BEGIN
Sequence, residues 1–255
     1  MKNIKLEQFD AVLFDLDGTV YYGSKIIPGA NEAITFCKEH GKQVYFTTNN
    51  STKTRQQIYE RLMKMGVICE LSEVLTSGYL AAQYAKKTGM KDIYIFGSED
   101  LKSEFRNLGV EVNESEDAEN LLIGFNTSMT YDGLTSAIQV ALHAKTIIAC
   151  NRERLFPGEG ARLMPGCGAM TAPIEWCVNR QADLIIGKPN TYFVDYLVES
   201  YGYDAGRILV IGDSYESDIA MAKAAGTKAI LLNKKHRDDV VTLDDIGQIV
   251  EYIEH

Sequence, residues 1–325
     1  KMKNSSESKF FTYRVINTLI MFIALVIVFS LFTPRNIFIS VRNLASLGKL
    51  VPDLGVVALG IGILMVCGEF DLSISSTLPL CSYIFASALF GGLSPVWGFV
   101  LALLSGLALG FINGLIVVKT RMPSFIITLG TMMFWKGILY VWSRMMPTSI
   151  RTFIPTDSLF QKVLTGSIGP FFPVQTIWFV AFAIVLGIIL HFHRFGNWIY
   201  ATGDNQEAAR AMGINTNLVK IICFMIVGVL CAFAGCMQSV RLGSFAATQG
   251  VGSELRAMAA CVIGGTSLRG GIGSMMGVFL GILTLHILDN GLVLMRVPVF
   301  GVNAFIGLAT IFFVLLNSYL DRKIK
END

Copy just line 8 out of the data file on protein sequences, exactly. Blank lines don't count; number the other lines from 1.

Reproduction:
Sequence, residues 1–325